A windmill is a device for tapping the energy of the wind by means of sails mounted on a rotating shaft.
The sails are mounted at an angle or are given a slight twist so that the force of wind against them is divided into two components, one of which, in the plane of the sails, imparts rotation.
Most modern generations of windmills are more properly called wind turbines, or wind generators, and are primarily used to generate electric power. Modern windmills are designed to convert the energy of the wind into electricity.
Before introduction of steam engines and electricity, the only source of power that humankind had the ability to control was wind. Wind powered not only our sailing ships, but also hundreds of thousands of windmills that were and still are used all around the world.
Windmills have long and rich history in many countries all around the world.
A windwheel operating an organ is described as early as the 1st century AD by Hero of Alexandria, marking probably the first instance of a wind powering machine in history.
The horizontal or panemone windmill first appeared in Greater Iran during the 9th century, the vertical windmill in northwestern Europe in the 12th century.
In the 14th century windmills became popular in Europe – the total number of wind-powered mills is estimated to have been around 200,000 at the peak in 1850, which is modest compared to some 500,000 waterwheels.
Construction of mills spread to the Cape Colony in the 17th century. The early tower mills did not survive the gales of the Cape Peninsula, so in 1717 the Heeren XVII sent carpenters, masons, and materials to construct a durable mill.
The first windmill manufactured in the United States was designed by Daniel Halladay, who began inventing windmills in 1854 in his Connecticut machine shop. The windmill was hugely successful as a means of pumping water on farms and ranches in the expanding western frontier, so much so that Halladay moved his operation to Illinois.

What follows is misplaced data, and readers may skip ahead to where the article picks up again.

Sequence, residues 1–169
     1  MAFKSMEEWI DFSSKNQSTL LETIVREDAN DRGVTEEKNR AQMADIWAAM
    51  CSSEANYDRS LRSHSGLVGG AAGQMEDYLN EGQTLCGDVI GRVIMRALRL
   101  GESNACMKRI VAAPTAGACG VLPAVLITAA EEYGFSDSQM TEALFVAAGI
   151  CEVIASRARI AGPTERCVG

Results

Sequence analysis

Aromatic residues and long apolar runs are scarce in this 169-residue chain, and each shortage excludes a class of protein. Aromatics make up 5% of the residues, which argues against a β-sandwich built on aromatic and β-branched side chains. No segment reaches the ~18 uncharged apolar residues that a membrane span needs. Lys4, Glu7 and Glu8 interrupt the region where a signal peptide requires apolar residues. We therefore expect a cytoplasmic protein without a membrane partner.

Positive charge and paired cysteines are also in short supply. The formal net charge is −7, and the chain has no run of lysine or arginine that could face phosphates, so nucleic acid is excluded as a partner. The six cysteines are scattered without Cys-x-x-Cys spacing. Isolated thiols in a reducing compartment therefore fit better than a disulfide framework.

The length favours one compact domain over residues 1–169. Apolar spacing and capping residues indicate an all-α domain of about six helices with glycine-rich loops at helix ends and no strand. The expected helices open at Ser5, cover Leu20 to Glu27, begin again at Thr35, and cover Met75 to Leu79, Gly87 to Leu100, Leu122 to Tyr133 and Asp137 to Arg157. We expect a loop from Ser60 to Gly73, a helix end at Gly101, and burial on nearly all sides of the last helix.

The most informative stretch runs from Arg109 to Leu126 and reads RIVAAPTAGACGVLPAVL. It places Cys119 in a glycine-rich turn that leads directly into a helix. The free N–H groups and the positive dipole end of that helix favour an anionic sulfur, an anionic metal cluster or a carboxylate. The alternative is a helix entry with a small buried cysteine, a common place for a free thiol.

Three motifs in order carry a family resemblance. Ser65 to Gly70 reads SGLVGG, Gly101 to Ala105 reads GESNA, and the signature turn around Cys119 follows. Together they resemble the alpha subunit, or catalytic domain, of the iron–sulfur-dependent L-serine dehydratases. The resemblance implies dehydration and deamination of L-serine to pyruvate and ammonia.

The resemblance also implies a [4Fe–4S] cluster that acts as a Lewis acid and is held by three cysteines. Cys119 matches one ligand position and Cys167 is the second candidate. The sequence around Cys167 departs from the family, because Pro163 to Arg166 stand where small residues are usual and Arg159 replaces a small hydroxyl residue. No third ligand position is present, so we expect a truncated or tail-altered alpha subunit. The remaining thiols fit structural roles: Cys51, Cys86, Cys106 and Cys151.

Eventually, more than 1,000 small and large factories began operations to produce water-pumping windmills, with one company selling nearly 100,000 in one year at the peak of the market. Between 1850 and 1970, more than six million mechanical windmills were installed in the United States.
The first electricity-generating wind turbine was invented in 1888 in Cleveland, Ohio by Charles F. Brush. The turbine’s diameter was 17 meters (50 feet), it had 144 rotor blades made of cedar wood, and it generated about 12 kilowatts (kW) of power.
As the 21st century began, rising concerns over energy security, global warming, and eventual fossil fuel depletion led to an expansion of interest in all available forms of renewable energy. Worldwide, many thousands of wind turbines are now operating.
Windmills are the universal symbol of life, serenity, resilience, self-sufficiency, and perseverance in a harsh environment.
Regarded as an icon of Dutch culture, there are approximately 1,000 windmills in the Netherlands today.
The oldest Dutch mill is the tower-mill at Zeddam, Gelderland, built c.1450.
The windmills at Kinderdijk are a group of 19 monumental windmills in the Alblasserwaard polder, in the province of South Holland, Netherlands. The outstanding contribution made by the people of the Netherlands to the technology of handling water is admirably demonstrated by the installations in the Kinderdijk area. The windmills of Kinderdijk are one of the best known Dutch tourist sites and have been a UNESCO World Heritage site since 1997.
Many windpumps were built in The Broads of East Anglia in the United Kingdom for the draining of land. They have since been mostly replaced by electric power. Many of these windpumps still remain, mainly in a derelict state, but some have been restored.
The tallest working windmill in Europe is De Noordmolen at Schiedam, Netherlands, at 33.33 m (109 ft 4 in), although there are other disused Dutch windmills that are taller.
Miguel de Cervantes’ book Don Quixote de La Mancha, which helped cement the modern Spanish language and is regarded as one of the greatest works of fiction ever published, features an iconic scene in which Don Quixote attacks windmills that he believes to be ferocious giants. This gave international fame to La Mancha and its windmills, and is the origin of the phrase “tilting at windmills,” to describe an act of futility.